Options Education

Volatility & The Black Scholes Model

Volatility and the Black-Scholes Model

Volatility
Volatility can be a very important factor in deciding what kind of options to buy or sell. Volatility shows the investor the range that a stocks price has fluctuated in a certain period. The official mathematical value of volatility is denoted as "the annualized standard deviation of a stocks daily price changes."

There are two types of Volatility: Statistical Volatility and Implied Volatility.

Statistical Volatility
A measure of actual asset price changes over a specific period of time.

Implied Volatility
A measure of how much the "market place" expects asset price to move, for an option price. That is, the volatility that the market itself is implying.

Note: The computation of volatility is a difficult problem for mathematical application.

Black-Scholes
In the Black-Scholes model, volatility is defined as the annual standard deviation of the stock price. There is a way in which the strategist can let the market compute the volatility for him.

This is called using the implied volatility - that is, the volatility that the market itself is implying. This is similar to an efficient market hypothesis. If there is enough trading interest in an option that is close to the money, that option will generally be fairly priced.

The Black-Scholes Formula
The Black-Scholes formula was the first widely-used model for option pricing. This formula can be used to calculate a theoretical value for an option using current stock prices, expected dividends, the option's strike price, expected interest rates, time to expiration and expected stock volatility.

While the Black-Scholes model does not perfectly describe real-world options markets, it is still often used in the valuation and trading of options.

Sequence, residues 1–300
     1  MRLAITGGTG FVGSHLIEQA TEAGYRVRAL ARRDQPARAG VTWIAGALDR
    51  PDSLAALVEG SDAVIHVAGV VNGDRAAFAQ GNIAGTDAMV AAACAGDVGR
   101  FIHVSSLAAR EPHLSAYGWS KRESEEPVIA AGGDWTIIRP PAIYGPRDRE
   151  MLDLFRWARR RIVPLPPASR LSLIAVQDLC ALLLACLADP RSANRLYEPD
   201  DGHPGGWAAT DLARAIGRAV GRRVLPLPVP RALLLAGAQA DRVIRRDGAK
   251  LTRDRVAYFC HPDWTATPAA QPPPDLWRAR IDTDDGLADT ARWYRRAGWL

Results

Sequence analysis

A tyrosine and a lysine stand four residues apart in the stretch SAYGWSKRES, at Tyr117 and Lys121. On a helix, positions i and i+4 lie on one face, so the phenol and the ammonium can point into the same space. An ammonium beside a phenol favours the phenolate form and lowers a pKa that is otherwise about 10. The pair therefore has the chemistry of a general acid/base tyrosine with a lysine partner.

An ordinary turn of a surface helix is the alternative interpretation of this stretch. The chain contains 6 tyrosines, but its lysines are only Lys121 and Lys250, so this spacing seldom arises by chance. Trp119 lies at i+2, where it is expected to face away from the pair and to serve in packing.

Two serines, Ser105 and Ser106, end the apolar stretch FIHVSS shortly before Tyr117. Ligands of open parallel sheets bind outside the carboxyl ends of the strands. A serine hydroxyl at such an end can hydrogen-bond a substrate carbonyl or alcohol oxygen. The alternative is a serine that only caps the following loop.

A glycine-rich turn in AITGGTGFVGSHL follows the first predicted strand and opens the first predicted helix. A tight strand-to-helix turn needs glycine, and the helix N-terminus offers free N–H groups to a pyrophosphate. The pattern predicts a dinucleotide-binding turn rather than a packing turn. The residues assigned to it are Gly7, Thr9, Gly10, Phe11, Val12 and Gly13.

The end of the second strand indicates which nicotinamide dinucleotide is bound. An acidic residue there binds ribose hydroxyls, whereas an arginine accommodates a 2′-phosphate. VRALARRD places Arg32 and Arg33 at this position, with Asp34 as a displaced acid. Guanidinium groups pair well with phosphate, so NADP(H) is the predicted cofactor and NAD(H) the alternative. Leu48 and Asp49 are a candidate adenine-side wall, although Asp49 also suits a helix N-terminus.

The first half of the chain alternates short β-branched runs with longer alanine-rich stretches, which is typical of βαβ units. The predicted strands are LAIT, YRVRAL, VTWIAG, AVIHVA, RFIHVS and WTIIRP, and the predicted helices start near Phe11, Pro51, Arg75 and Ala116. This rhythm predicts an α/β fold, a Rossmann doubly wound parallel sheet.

The variables of the Black Scholes formula are:
• Stock Price
• Strike Price
• Time remaining until expiration expressed as a percent of a year
• Current risk-free interest rate
• Volatility measured by annual standard deviation.
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The Options Industry Council (OIC) was created in 1992 to educate investors and their financial advisors about the benefits and risks of exchange-traded equity options. Today, its sponsors include the American Stock Exchange, the Boston Options Exchange, the Chicago Board Options Exchange, the International Securities Exchange, NYSE Arca, the Philadelphia Stock Exchange and The Options Clearing Corporation. Our experienced options seminar instructors provide valuable insight on the challenges and successes that individual investors encounter when trading options. In addition, options industry professionals have created the content in our software, brochures and Web site. Appropriate compliance and legal staff ensure that all OIC-produced information includes a balance of the benefits and risks of options.

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